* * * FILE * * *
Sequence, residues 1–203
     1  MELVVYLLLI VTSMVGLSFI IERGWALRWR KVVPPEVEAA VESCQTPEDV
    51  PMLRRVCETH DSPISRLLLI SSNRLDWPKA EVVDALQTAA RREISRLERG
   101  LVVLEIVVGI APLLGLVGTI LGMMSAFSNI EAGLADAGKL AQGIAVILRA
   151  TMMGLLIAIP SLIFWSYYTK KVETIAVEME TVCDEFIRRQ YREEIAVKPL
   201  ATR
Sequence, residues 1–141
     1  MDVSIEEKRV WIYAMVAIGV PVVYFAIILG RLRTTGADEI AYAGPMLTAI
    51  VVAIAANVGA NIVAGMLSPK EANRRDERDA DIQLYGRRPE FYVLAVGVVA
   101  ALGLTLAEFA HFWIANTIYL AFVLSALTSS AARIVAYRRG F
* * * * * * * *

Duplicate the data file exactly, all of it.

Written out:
Sequence, residues 1–203
     1  MELVVYLLLI VTSMVGLSFI IERGWALRWR KVVPPEVEAA VESCQTPEDV
    51  PMLRRVCETH DSPISRLLLI SSNRLDWPKA EVVDALQTAA RREISRLERG
   101  LVVLEIVVGI APLLGLVGTI LGMMSAFSNI EAGLADAGKL AQGIAVILRA
   151  TMMGLLIAIP SLIFWSYYTK KVETIAVEME TVCDEFIRRQ YREEIAVKPL
   201  ATR
Sequence, residues 1–141
     1  MDVSIEEKRV WIYAMVAIGV PVVYFAIILG RLRTTGADEI AYAGPMLTAI
    51  VVAIAANVGA NIVAGMLSPK EANRRDERDA DIQLYGRRPE FYVLAVGVVA
   101  ALGLTLAEFA HFWIANTIYL AFVLSALTSS AARIVAYRRG F